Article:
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Oxford Word of the Year 2009: Unfriend

Birds are singing, the sun is shining and I am joyful in the morning without caffeine. Why? Because it is Word of the Year time (or WOTY as we refer to it around the office). Every year the ‘New Oxford American Dictionary’ celebrates the holidays by making its biggest announcement of the year.

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Oxford Word of the Year 2008: Hypermiling

Do you keep the tires on your car properly inflated to maximize your gas mileage? Have you removed the roof rack to streamline the car and reduce drag? Do you turn your engine off rather than idle at long stoplights? If you said yes to any of these questions you just might be a ‘hypermiler’.

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Oxford Word Of The Year 2007: Locavore

It’s that time of the year again. It is finally starting to get cold, and the New Oxford American Dictionary is preparing for the holidays by making its biggest announcement of the year. The 2007 Word of the Year is (drum-roll please) ‘locavore’; a trend in using locally grown, seasonal ingredients.

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What is “toxic” about anger?

What is anger? In essence, anger is a subjective feeling tied to perceived wrongdoing and a tendency to counter or redress that wrongdoing in ways that may range from resistance to retaliation. Like sadness and fear, the feeling of anger can take the form of emotion, mood, or temperament.

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Why We Fall for Toxic Leaders

The Oxford Word of the Year is a word or expression chosen to reflect the passing year in language. Every year, the Oxford Dictionaries team debates over a selection of candidates for Word of the Year, choosing the one that best captures the ethos, mood, or preoccupations of that particular year. The 2018 Oxford Word […]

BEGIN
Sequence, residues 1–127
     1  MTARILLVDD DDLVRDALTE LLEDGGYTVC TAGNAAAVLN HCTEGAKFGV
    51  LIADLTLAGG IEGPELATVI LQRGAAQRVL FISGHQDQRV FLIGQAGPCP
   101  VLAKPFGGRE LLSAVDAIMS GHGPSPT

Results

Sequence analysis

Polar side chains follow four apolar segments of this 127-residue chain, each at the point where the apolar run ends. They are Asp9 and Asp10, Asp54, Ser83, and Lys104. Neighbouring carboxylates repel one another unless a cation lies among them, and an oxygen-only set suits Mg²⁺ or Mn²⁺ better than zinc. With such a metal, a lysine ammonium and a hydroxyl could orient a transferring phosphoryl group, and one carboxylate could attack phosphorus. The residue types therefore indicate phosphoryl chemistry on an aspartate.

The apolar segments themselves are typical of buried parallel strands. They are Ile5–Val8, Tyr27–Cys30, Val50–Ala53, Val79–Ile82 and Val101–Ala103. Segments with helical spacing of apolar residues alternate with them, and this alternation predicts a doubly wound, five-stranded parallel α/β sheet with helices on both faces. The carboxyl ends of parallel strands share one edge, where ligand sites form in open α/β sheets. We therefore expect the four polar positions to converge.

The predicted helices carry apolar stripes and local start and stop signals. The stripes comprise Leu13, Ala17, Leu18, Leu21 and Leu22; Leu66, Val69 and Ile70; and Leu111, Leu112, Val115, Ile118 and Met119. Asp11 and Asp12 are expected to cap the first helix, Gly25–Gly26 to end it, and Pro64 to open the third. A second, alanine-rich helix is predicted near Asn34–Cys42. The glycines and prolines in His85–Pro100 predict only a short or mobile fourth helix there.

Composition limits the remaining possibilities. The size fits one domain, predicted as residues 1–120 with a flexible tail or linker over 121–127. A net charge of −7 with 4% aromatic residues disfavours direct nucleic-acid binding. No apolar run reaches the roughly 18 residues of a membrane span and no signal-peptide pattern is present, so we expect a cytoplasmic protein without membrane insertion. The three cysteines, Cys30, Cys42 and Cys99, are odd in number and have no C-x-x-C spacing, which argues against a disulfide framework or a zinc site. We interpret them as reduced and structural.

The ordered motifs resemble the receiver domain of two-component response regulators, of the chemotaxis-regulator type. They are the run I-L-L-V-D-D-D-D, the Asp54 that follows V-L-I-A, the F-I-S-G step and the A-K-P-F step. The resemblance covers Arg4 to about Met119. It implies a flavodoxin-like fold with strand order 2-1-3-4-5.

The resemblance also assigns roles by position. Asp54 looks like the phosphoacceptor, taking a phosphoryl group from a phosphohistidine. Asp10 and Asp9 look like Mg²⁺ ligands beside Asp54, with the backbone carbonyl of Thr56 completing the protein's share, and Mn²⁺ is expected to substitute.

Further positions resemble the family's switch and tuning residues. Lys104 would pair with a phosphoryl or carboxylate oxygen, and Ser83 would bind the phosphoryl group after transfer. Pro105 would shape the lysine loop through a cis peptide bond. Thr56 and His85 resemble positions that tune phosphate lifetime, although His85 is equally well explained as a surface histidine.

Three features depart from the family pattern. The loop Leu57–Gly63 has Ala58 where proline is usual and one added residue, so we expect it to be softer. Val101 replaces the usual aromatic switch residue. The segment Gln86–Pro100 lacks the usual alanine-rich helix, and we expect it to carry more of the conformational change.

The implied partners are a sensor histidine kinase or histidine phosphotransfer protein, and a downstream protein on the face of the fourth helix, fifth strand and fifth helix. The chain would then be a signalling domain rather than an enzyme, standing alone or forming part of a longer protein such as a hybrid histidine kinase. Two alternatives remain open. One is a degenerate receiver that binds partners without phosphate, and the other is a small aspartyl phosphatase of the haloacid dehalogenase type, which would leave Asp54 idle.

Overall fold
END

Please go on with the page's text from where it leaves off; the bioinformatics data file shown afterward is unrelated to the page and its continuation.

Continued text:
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Scholarly reflections on ’emoji’

Smiling face? Grimacing face? Speak-No-Evil Monkey? With the announcement of emoji as the Oxford Dictionaries Word of the Year, we asked a number of scholars for their thoughts on this new word and emerging linguistic phenomenon.

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The 34 most popular OUPblog posts of the last ten years

Yesterday we shared 34 selections of the OUPblog’s best work as judged by sharp editorial eyes and author favorites. However, only one of those selections coincides with the most popular posts according to pageviews. Does Google Analytics know something that our editors do not? Do these articles simply “pop” (and promptly deflate)? Or are there certain questions to which people always demand an answer?

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“Refudiate this, word snobs!”

Here at Oxford, we love words. We love when they have ancient histories, we love when they have double-meanings, we love when they appear in alphabet soup, and we love when they are made up.

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